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The Weavers: Wasn't That a Time!

1 rating: 5.0
A movie

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Tags: Movies
Genre: Documentary, Music, Musical
Release Date: March 7, 1982
MPAA Rating: PG
1 review about The Weavers: Wasn't That a Time!

Joyous and moving, and it says as much about America as it does about the Weavers

  • Mar 9, 2011
Our fathers bled at Valley Forge, the snow was red with blood
Their faith was worn at Valley Forge,
Their faith was brotherhood.
Wasn't that a time, wasn't that a time?
A time to try the soul of men,
Wasn't that a terrible time?
Brave men who fought at Gettysburg now lie in soldiers' graves
But there they stemmed the rebel tide
And there their faith was saved.
Wasn't that a time, wasn't that a time?
A time to try the soul of men,
Wasn't that a terrible time?
The wars are long, the peace is frail, the madmen come again.
There is no freedom in a land where fear and hate prevail.
Isn't this a time, isn't this a time?
A time to try the soul of men,
Isn't this a terrible time?
"Songs are dangerous," says the old, sick man, Lee Hays. "The Weavers sang about freedom, civil rights..." and about justice, fairness and brotherhood. Says Ronnie Gilbert, one of the Weavers, "We felt that if we sang loud enough and strong enough and hopefully enough, somehow it would make a difference." Hays, Pete Seeger, Gilbert and Fred Hellerman came together in 1948 and formed the Weavers. They didn't make much of an impression until a year later when they performed at the Village Vanguard. Thanks to Gordon Jenkins who heard them and insisted that Decca Records sign them, they hit the big time with "Goodnight, Irene" and "Tzena, tzena, tzena." As one person said, they suddenly moved authentic folk songs into mainstream America. All four were committed progressives. Hays and Seeger were long-time union supporters going back to the terrible times of the Thirties. In the late Forties, when anti-Communist demagogues began to scare the daylights out of most Americans,  it only took a couple of years to finish off the Weavers, or so it seemed.
They disbanded finally in 1952 after two years of blacklisting. Decca cancelled their contract, radio stations wouldn't play their records, and it was tough even to get gigs at state fairs. Three years later they came together for a one-time concert at Carnegie Hall and almost single-handedly set the new wave of protest folk-singing on its course. Although Seeger left in 1958 to return to a solo career (and remained banned from network television for years), the Weavers continued on until 1963.
It's now 1980 and Hays looks in the camera and says, "I'm Lee Hays...more or less." He's not well and is confined to a wheelchair. Both his legs were amputated because of diabetes. He decides to invite Seeger, Gilbert and Hellerman, and their spouses and kids, to come visit him, to have a picnic and sit around and sing together one more time. (And, yes, A Mighty Wind used this in a gentle and affectionate way.) A camera crew will record everything. His house is small, but it has a large backyard, a mulch pile which Hays attends to and plenty of room for outdoor tables and folding chairs. The four of them with friends, relatives and Hays' neighbors get together and eat ham and cake. Then Hays, Hellerman, Gilbert and Seeger sit down to reminisce and sing. Everyone gathers around them. At one point Seeger suggests doing what they're doing again...but at Carnegie Hall. And now we watch them rehearse. We see all that gray hair, the receding hairlines, the extra poundage, as well as their professionalism. They are as committed to social justice as they were when they started out. They still sing just as passionately and joyously as ever.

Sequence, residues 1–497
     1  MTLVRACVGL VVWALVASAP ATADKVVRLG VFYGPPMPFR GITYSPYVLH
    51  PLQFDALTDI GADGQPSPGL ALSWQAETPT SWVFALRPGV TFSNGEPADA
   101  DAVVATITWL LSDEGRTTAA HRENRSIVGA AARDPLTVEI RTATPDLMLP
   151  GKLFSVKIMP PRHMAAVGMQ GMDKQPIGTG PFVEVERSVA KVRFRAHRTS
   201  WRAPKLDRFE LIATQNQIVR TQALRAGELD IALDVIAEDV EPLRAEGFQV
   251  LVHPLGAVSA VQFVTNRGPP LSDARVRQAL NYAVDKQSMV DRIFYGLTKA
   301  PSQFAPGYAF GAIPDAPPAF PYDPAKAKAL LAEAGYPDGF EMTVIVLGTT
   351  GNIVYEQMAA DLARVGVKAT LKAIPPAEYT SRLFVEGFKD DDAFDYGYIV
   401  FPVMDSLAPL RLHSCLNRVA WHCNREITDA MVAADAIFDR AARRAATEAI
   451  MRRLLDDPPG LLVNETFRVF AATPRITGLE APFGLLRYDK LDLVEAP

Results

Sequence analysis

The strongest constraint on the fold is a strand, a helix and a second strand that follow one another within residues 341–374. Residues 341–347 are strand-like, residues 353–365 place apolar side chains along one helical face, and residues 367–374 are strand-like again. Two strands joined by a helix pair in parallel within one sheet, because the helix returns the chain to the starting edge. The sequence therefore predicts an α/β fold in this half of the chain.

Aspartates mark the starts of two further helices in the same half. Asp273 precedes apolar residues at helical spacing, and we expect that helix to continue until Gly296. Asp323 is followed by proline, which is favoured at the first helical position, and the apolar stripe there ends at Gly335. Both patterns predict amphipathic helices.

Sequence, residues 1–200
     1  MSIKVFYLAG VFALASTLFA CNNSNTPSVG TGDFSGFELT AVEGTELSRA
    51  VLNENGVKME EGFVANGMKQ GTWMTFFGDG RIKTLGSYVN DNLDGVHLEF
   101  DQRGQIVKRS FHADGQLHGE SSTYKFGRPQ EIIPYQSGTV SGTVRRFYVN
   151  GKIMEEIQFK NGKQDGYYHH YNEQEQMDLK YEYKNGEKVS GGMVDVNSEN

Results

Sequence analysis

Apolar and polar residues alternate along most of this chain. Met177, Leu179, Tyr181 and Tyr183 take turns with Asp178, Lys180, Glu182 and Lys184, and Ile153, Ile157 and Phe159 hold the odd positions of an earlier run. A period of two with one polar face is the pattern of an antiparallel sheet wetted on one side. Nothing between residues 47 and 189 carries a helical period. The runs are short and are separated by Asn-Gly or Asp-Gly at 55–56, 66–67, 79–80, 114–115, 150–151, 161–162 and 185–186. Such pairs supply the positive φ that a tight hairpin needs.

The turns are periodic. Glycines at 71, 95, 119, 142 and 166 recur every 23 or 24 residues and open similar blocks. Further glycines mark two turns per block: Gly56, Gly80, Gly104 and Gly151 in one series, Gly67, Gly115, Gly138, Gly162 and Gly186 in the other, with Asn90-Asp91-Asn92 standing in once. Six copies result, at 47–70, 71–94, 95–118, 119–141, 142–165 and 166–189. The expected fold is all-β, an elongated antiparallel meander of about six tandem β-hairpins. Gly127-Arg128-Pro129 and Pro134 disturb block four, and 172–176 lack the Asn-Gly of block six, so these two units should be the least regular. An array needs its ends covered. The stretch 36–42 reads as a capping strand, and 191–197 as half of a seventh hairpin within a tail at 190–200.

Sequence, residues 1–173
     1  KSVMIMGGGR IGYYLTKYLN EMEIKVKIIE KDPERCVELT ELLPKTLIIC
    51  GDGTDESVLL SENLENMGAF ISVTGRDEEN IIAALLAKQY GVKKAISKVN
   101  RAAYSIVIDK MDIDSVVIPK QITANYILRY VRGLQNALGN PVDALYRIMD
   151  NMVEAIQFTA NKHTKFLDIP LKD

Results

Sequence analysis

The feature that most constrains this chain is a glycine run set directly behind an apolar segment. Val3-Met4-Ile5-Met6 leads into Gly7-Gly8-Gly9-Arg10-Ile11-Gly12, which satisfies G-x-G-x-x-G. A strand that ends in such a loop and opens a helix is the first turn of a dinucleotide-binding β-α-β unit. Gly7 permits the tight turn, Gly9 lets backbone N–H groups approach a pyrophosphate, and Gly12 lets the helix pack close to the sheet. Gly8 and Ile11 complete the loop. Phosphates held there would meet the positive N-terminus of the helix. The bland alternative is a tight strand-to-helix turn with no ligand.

Finally the Carnegie Hall night arrives. The two concerts were sell-outs as soon as they were announced. The Hall is packed. Everyone is smiling. Then onto the stage walk Seeger and Hellerman. Gilbert pushes Hays in his wheelchair. The crowd roars, then settles down, and the four start singing. If you don't have an emotional moment at this point, then you must have missed the last 60 years of this nation's history. "If I Had a Hammer," written by Hays and Seeger in 1949, is just as fresh as the first time they sang it, and with just as much meaning. If "Kisses Sweeter Than Wine" doesn't choke you up, even sung 30 years later still by Gilbert and Seeger, you've never loved anyone. And the songs crying out for justice are still valid. "We know this concert will be our last," says Hays, "but the music will go on because it always has."
Hays died the next year. In accordance with his wishes, he was cremated and his neighbors gathered in his backyard where they mixed his ashes into his mulch pile.
The Weavers: Wasn't That a Time is a tremendously moving and joyous documentary, especially if you grew up loving how the Weavers sang and what they sang about.
Joyous and moving, and it says as much about America as it does about the Weavers Joyous and moving, and it says as much about America as it does about the Weavers Joyous and moving, and it says as much about America as it does about the Weavers

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